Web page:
RIYADH, (Reuters) – Two of Saudi Arabia’s biggest petrochemical firms said on Saturday they have agreed to cooperate on the execution of projects to create synergies after the global economic slowdown hit their profitability.
Shares in the SABIC and Sipchem both soared by almost the 10 percent limit to close at their highest levels since November after the announcement was made.
Under a memorandum of understanding, Saudi Basic Industries Corp (SABIC) will crack ethane feedstock to provide Saudi International Petrochemical Co (Sipchem) with ethylene olefin and in exchange Sipchem will provide SABIC with carbon monoxide, the two firms said in a statement.
“We will crack ethane to get ethylene to capitalise on synergies between the two companies … This is being done for the (ethane) gas allocation,” SABIC’s Chief Financial Officer Mutlaq al-Morished told Reuters.
Asked on the potential implications of the agreement in terms of further rapprochement between the two firms, Morished said: “Let’s not read too much into this”.
The two firms said they would use the existing surplus production capacities “to utilise Ministry of Petroleum and Mineral Resources allocated raw materials to produce a number of specialty petrochemical products.”
The ministry provides petrochemical firms with feedstock such as ethane.
The launch over the past four years of billions of dollars worth of petrochemical projects in the kingdom has raised concern among both industry executives and analysts over the availability of enough ethane to meet the resulting increase in demand for the industry’s preferred feedstock.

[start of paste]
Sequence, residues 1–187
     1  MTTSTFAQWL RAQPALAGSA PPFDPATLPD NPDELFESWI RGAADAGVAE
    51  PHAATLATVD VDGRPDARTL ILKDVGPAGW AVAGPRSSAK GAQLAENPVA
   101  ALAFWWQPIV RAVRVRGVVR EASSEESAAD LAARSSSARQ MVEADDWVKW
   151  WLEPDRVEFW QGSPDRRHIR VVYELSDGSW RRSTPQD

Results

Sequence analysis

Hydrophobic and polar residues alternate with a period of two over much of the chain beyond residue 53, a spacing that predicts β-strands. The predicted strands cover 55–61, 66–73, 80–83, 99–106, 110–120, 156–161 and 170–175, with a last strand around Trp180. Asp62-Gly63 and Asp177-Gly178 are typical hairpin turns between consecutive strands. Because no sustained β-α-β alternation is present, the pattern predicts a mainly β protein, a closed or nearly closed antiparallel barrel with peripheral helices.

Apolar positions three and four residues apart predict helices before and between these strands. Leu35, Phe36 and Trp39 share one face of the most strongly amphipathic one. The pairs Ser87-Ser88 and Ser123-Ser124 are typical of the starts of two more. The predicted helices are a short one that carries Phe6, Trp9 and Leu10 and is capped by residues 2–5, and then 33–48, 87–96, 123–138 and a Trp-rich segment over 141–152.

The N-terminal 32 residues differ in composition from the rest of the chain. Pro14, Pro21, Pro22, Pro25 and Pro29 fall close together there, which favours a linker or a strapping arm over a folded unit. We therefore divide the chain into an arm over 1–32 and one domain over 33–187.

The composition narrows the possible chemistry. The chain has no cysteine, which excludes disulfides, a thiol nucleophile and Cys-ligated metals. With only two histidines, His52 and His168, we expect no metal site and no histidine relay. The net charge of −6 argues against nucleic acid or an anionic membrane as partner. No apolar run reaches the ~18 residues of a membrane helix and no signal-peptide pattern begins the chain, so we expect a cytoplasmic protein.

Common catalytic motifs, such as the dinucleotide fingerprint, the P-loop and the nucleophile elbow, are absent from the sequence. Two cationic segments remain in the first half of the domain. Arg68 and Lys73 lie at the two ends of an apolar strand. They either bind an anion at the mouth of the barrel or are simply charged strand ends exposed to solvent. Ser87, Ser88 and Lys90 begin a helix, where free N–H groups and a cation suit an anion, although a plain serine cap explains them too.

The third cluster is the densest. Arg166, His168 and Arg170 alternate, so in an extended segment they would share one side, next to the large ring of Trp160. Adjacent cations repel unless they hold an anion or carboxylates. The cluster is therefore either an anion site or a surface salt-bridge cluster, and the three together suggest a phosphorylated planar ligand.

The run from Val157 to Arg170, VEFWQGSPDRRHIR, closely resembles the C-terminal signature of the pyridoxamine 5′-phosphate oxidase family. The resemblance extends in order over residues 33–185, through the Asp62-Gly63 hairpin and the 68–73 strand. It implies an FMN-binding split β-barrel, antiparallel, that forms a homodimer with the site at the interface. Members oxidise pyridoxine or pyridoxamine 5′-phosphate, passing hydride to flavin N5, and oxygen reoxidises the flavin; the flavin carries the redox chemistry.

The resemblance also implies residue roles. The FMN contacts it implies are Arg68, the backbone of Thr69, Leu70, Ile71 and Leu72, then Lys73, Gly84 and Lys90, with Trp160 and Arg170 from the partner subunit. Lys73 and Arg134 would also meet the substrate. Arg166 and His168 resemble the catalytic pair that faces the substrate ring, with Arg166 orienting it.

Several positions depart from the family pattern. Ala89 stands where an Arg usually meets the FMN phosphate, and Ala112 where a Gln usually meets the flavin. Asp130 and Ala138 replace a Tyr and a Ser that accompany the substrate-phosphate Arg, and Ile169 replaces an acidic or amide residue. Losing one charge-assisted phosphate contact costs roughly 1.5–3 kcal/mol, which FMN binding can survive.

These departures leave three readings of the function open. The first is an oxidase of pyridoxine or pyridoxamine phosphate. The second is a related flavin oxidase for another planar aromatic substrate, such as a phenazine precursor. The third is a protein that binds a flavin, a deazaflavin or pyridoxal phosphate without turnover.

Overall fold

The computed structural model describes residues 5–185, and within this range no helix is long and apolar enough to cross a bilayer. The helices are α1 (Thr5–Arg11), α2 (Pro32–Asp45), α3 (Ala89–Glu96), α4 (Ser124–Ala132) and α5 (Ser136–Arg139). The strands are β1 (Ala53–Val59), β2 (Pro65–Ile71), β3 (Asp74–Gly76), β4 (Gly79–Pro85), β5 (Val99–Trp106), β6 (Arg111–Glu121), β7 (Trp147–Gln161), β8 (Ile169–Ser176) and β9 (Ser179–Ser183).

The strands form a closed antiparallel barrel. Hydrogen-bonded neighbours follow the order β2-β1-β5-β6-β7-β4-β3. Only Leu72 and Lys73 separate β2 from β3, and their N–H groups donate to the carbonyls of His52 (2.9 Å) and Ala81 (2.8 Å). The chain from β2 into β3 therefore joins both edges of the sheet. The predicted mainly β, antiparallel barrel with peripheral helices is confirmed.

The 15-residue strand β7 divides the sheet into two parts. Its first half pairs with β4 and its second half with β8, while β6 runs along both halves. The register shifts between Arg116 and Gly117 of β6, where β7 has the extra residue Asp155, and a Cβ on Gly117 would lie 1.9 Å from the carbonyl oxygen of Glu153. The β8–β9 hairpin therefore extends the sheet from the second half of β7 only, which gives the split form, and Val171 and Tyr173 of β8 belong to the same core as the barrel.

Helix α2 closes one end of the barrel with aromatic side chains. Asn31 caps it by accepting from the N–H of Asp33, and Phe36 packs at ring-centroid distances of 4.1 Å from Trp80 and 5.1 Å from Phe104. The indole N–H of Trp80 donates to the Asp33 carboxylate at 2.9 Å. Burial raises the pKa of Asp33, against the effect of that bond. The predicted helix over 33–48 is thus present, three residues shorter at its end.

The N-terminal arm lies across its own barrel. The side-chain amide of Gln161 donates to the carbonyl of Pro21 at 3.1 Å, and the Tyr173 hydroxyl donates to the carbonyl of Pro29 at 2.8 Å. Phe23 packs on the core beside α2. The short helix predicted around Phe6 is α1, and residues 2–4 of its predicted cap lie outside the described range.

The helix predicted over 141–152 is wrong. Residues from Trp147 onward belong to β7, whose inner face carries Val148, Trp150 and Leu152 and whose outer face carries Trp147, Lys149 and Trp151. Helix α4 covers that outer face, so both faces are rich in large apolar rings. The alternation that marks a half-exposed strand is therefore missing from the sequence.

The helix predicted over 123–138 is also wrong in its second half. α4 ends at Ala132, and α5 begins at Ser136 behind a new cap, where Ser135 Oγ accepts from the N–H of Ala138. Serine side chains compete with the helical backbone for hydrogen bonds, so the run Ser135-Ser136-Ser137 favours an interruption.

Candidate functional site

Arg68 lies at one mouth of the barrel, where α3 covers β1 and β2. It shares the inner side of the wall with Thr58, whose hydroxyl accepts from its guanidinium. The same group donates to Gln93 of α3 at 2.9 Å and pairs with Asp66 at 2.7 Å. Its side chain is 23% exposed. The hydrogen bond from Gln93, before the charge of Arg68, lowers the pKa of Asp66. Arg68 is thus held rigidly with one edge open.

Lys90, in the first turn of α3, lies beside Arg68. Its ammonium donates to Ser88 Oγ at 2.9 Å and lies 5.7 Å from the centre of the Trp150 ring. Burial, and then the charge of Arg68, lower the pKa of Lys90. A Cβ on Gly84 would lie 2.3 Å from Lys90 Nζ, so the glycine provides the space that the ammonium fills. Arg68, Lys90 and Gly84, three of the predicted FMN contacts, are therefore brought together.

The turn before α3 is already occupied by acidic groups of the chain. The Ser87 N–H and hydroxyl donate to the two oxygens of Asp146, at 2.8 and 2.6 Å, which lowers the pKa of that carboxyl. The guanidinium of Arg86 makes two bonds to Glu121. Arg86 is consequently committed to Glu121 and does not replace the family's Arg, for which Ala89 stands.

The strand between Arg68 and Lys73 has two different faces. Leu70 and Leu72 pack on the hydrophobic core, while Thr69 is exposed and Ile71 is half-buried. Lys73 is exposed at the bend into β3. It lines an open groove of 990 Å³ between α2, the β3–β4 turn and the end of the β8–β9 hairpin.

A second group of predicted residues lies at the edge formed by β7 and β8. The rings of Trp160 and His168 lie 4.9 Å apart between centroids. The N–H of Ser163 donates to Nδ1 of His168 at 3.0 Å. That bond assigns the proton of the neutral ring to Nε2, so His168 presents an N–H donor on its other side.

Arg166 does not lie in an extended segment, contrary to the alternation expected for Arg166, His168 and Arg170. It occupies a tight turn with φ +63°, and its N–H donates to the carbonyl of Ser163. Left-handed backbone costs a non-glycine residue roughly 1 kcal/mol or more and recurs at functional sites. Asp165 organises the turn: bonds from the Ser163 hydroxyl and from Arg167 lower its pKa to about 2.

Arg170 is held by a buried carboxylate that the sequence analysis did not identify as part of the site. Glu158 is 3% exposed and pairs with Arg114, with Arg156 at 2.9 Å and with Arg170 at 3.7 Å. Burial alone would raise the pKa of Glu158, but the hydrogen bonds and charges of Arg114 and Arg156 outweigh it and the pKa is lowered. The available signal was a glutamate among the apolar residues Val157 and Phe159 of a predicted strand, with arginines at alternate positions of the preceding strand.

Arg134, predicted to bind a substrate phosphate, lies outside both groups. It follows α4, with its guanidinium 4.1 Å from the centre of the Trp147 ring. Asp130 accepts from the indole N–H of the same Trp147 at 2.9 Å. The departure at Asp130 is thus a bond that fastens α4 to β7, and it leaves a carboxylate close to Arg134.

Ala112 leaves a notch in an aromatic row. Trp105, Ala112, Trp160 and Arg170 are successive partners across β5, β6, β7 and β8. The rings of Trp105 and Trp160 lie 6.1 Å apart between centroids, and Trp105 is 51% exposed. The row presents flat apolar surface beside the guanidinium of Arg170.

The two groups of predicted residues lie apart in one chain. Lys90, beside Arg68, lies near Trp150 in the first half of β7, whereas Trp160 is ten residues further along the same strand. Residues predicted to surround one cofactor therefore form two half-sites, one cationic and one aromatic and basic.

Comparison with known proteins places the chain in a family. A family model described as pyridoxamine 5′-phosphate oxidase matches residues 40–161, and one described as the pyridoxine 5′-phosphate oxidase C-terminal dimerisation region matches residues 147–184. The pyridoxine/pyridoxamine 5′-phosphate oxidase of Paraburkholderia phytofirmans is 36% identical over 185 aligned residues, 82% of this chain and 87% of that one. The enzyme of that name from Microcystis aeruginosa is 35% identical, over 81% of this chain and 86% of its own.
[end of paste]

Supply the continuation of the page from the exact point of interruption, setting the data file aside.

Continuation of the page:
The fact that most of Saudi gas is produced in association with oil output, making volumes fluctuate with oil production, accentuates these concerns, especially since Saudi oil output is at its lowest in over six years after the kingdom and OPEC curbed output to match rapidly falling demand.
State oil giant Aramco’s announcement of plans to venture into the petrochemicals industry, as it did with Japan’s Sumitomo Chemical or as it plans to do with U.S. Dow Chemical, has heightened these concerns. The plans would technically lead to lower availability of ethane to its rivals, which include state-controlled SABIC.
The Middle East Economic Survey (MEES) reported in March that Saudi Arabia would expedite work on two offshore gas fields in the kingdom to meet growing domestic energy demand.
Petrochemical firms could resort to alternative sources of feedstocks but these will cause a surge in costs.
The global crisis hit hard both firms in the first-quarter: SABIC posted its first loss in seven years while the much smaller Sipchem posted an 87.4 percent plunge in its net profit.
SABIC is currently executing projects within the kingdom worth 12 billion riyals ($3.2 billion) that would add 623,000 tonnes per year to its overall capacity, while Sipchem has $810 million worth of projects in the country to add 325,000 tonnes.
The projects are expected to start production by mid-2013.